Cota Farms' Blog

March 3, 2014

Common Sense and Feeding Your Dogs Raw Meat – Part 3

While transitioning our dogs from having raw ground chicken in their diet and replacing that with leg quarters, we noticed a distinct rejection of the new alternative.  From some of what I have read they should have welcomed this new food.  Half of the dogs just could not seem to get the hang of it, one not even trying.   Our dogs are too important to us to just let this go; had we been thinking wrong?

I have to admit that when I offered this same chicken to the lot of them except this time I roasted it and striped the meat from the bones, they all gobbled it down.  I had even mixed in some old egg noodles.  The only difference from something I might prepare for myself was the lack of seasoning and mixing in the chicken fat.

I don’t know what this means but I am willing to employ a little dispassionate common sense to the problem.  You see the real problem is we tend to invest ourselves in a position we have chosen to take in the past and filter all new data thru the prism of not wanting to admit to being wrong, misinformed, not wanting to change.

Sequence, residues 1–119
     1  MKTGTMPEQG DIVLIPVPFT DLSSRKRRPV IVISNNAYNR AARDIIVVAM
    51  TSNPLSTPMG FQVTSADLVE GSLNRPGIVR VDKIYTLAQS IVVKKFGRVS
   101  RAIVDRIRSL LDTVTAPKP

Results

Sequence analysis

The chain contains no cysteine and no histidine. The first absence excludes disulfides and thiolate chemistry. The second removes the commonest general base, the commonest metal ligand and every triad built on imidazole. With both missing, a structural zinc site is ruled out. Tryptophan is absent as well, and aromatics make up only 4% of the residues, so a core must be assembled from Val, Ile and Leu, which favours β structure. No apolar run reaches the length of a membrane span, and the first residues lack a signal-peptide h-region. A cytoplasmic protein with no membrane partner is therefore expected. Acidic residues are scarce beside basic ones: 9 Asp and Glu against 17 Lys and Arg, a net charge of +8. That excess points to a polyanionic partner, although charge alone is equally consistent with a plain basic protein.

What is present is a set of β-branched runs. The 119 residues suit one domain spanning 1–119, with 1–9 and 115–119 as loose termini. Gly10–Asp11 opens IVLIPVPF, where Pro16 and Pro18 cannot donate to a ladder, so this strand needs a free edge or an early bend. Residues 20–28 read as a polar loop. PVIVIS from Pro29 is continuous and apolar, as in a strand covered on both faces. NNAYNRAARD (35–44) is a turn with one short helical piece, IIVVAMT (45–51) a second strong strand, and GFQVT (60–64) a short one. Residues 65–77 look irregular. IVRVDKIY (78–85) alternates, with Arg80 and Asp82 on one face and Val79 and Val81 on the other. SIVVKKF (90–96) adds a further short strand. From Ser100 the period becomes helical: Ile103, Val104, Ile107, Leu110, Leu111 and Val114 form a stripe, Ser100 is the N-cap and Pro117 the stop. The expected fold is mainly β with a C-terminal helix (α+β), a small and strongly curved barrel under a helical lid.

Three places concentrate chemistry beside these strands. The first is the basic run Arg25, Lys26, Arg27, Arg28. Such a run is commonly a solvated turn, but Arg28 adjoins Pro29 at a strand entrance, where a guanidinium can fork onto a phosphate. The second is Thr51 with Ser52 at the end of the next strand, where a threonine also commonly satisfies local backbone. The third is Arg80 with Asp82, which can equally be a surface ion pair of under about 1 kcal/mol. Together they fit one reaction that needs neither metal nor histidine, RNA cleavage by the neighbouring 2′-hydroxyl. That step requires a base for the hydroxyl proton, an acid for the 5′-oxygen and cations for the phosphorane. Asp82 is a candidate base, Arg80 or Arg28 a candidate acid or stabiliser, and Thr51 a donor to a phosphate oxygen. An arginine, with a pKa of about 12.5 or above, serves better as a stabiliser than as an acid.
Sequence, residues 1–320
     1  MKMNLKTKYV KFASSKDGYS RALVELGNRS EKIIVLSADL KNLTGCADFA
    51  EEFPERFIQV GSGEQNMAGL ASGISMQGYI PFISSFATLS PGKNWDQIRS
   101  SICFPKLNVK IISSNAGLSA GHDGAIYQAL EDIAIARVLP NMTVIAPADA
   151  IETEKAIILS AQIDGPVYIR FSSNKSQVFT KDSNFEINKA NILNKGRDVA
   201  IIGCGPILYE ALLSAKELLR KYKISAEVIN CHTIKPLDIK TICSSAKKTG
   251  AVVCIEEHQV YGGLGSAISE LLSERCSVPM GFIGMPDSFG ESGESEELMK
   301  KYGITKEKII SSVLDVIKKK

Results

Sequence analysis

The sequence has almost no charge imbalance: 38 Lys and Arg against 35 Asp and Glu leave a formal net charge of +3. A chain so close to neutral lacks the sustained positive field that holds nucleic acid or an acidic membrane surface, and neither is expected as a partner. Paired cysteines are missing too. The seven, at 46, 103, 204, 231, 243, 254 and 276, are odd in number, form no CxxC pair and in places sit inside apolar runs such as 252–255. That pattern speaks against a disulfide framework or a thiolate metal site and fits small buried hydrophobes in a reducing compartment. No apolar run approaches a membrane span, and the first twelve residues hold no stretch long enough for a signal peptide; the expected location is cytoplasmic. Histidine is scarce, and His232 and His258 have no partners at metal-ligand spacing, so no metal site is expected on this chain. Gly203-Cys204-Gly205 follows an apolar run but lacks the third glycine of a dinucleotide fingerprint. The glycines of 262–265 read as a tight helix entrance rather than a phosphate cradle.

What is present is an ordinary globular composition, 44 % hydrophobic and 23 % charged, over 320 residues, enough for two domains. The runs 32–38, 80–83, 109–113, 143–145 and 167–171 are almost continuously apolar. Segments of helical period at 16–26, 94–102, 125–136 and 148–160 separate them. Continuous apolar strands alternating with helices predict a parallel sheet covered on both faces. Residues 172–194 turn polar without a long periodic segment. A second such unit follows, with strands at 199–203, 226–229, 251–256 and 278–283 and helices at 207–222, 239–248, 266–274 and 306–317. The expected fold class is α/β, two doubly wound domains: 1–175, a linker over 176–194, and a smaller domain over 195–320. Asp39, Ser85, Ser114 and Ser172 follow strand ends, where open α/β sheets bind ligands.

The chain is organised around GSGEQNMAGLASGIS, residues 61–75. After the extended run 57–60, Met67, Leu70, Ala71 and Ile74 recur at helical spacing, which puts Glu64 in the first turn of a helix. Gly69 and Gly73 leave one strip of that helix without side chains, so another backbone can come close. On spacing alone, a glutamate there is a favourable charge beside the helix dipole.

In that spirit, I have observed from a number of different dogs, in different sizes and breeds, over several years’ time, that dogs do in fact prefer meat.  Furthermore, they do not as often as one might expect prefer it uncooked.  Also, I have noticed certain beneficial effects of feeding small amounts of cooked rice or pumpkin.  Additionally, there seems to be no ill effects from sometimes feeding macaroni and cheese mixed with a favorite meat.  I use these specific examples because of the enthusiasm in which the dogs eat those meals.

Of course roast chicken is not a balanced diet and we will continue to offer raw meat if for no other reason than to see if they eat it.  We will still feed organ meat as well but no longer ground, sliced instead.  We will offer it raw but if they don’t eat it we will cook it for them.  Our goal is to feed our dogs as best we can, see that they consume at least a minimal amount every day and if that means cooking for them, well, I would do no less for any farm workers we might employ.

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